Canadian iconoclast Guy Maddin has always been a personal filmmaker, if only by being one of those directors whose work is so instantly recognizable that a credit seems superfluous. He exploded onto the scene with 1988’s Tales From The Gimli Hospital, a neo-expressionist nightmare that recalled the style and psychosis of David Lynch’s Eraserhead, but revealed a sensibility firmly rooted in the avant-garde and cinema’s silent past. Subsequent credits like 1990’s Archangel, 1992’s Careful, the brilliant 2000 short “The Heart Of The World,” 2002’s Dracula: Pages From A Virgin’s Diary, and his mainstream (by his standards) bid The Saddest Music In The World continued his mad, often hilarious retro-collage technique while showing a fondness for amplified melodrama. But it wasn’t until a trifecta of great films—2003’s Cowards Bend The Knee, 2006’s Brand Upon The Brain!, and 2008’s My Winnipeg—that Maddin started explicitly veering into autobiography, working a mythologized character named “Guy Maddin” through scenarios that did and emphatically did not have any relation to the actual Guy Maddin.
The last of the three, My Winnipeg, debuted on Criterion this month, and stands as perhaps the best-reviewed movie of his career. Having spent most of his life in this frigid city in the heart of Manitoba—and in the heart of North America, too—Maddin fuses family and civic history with his usual energy and irreverence, but he doesn’t bother to identify what is and isn’t true. The family stories come by way of staged re-enactments, featuring Ann Savage, the star of the noir classic Detour, as Maddin’s imperious mother. The nuggets of Winnipeg facts are often whimsical fictions, like a law that allows residents to carry keys to their former homes and come in and out as they please. But beneath those lies are truths about the city’s unique gravitational pull on Maddin and the genuine affection he has for its people and culture. Just before heading to Sundance for the debut of his new movie, The Forbidden Room, Maddin talked to The Dissolve about My Winnipeg, “ecstatic truth,” mixing media, and mythologizing himself onscreen.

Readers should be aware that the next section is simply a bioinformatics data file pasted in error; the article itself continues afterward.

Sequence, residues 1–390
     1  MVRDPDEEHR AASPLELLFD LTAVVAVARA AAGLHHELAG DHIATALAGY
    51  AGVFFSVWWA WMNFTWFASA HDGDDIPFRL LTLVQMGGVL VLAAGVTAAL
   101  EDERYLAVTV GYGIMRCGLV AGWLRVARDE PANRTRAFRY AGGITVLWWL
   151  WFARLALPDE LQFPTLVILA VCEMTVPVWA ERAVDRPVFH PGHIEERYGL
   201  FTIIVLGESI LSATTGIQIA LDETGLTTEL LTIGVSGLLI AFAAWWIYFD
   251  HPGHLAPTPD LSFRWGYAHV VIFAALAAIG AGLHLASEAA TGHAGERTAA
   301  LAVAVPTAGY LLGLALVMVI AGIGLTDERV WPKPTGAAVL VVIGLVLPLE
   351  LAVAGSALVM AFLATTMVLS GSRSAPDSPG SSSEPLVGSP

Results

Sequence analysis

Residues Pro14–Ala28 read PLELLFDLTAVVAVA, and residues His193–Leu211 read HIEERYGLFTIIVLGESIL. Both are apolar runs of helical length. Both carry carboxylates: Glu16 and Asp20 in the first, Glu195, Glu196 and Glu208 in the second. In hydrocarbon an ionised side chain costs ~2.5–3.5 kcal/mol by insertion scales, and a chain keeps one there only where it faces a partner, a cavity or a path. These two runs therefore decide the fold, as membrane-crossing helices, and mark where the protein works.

The Dissolve: My Winnipeg presaged a current movement of films that freely cross the boundaries between fiction and non-fiction, what Werner Herzog has called the “ecstatic truth.” How much did you care about the audience being able to distinguish between real Winnipeg history, real family history, and tall tales?